Hate doing dishes? Who doesn't? What about cleaning dishes for 120 people? Sounds pretty miserable. However, at Tushita Meditation Center in Dharamsala, India people from all over the world pay to wash dishes as part of the curriculum during meditation retreats.
Most of the curriculum is spent studying various aspects of Buddhism and meditating for up to 7 hours a day, all in silence. However, acts like dishwashing and toilet cleaning are considered "karma yoga" and are important for generating positive merit through service.
Paying to wash dishes for hundreds of strangers sounds grim, however there is a sign above the kitchen sink at Tushita that beautifully expresses another way of thinking about it through mindfulness practice:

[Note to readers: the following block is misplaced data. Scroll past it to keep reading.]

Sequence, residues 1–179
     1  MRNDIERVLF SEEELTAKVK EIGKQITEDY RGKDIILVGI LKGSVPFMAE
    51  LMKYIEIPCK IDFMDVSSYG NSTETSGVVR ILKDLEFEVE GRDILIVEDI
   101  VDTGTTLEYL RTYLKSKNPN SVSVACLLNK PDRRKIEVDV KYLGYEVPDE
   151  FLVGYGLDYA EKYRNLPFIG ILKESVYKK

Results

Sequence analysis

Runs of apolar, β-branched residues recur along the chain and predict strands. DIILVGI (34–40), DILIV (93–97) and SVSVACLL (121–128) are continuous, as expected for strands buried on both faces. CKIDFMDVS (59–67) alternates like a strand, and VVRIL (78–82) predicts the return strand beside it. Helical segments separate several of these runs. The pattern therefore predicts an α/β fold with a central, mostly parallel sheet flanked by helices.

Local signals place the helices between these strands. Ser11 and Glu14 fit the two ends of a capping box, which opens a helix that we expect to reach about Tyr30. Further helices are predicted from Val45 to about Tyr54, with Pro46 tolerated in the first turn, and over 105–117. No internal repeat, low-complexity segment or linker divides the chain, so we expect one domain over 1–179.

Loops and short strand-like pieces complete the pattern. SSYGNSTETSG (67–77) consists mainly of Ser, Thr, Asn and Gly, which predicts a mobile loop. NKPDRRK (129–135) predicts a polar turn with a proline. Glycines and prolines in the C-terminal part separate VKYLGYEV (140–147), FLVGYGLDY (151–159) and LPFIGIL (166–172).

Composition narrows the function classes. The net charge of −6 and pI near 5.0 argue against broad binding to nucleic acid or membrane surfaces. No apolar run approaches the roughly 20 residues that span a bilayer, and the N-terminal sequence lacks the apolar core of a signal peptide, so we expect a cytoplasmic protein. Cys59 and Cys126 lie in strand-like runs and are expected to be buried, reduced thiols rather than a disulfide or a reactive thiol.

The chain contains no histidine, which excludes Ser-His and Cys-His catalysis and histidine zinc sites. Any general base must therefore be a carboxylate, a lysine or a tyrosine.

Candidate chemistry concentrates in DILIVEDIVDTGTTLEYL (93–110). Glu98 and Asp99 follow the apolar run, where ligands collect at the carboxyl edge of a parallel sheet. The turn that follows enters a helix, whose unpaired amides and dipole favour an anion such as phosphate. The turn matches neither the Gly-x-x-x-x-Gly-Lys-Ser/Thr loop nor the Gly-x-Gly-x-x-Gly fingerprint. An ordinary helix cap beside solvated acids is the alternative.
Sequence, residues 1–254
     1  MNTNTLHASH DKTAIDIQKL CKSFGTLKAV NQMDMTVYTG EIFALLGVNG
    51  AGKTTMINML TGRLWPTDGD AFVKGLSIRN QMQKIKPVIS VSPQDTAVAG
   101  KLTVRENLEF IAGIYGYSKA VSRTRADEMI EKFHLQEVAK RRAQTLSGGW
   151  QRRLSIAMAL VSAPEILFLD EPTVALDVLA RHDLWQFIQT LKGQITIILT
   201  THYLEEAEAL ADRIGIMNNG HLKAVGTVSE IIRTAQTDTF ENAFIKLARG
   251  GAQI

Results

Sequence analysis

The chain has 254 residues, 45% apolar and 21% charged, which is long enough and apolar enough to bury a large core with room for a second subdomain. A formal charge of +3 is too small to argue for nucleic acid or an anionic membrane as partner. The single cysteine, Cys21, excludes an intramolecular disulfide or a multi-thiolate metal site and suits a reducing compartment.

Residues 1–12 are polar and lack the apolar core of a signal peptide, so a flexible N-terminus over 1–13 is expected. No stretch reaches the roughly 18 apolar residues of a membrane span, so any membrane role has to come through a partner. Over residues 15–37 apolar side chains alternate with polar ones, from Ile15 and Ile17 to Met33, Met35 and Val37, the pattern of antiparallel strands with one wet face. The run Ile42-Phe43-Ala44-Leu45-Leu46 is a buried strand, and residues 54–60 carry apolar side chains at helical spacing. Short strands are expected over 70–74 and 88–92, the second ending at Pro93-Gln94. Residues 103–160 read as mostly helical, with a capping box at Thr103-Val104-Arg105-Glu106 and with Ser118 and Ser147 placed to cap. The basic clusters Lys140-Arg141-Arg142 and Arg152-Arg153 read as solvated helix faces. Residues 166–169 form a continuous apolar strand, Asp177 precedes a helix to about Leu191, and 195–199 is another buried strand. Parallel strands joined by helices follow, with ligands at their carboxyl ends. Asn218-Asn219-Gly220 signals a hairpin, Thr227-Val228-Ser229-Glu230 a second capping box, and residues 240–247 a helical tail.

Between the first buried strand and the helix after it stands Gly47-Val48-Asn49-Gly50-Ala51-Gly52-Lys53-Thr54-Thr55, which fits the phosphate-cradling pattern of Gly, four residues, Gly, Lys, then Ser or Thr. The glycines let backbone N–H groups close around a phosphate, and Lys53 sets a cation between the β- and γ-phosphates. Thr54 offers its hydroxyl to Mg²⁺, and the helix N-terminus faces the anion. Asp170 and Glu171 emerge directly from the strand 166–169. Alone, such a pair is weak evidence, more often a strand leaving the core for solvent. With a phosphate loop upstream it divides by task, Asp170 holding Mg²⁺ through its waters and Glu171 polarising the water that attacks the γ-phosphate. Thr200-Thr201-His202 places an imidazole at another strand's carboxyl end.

"Every time you wash anything, think: I am washing away all the stains of the delusions of all sentient beings. Think that the water, detergent, etc. is the complete graduated path to enlightenment and that you are cleaning away all the obscurations from sentient beings' minds."
Whether you're washing dishes, picking up a piece of trash on the street, or doing any unglamorous chore or task, instead of thinking how does this benefit me, try reframing it that your selfless act is benefiting the lives of others. You'll be amazed by how much this shift in mindset does for your well-being.
At BHANTI, we promote a service oriented mentality through our messaging and how we run our business. That's why we donate a portion of profits to support education and community initiatives from where our garments are made. For more information on how we give back check out Our Mission.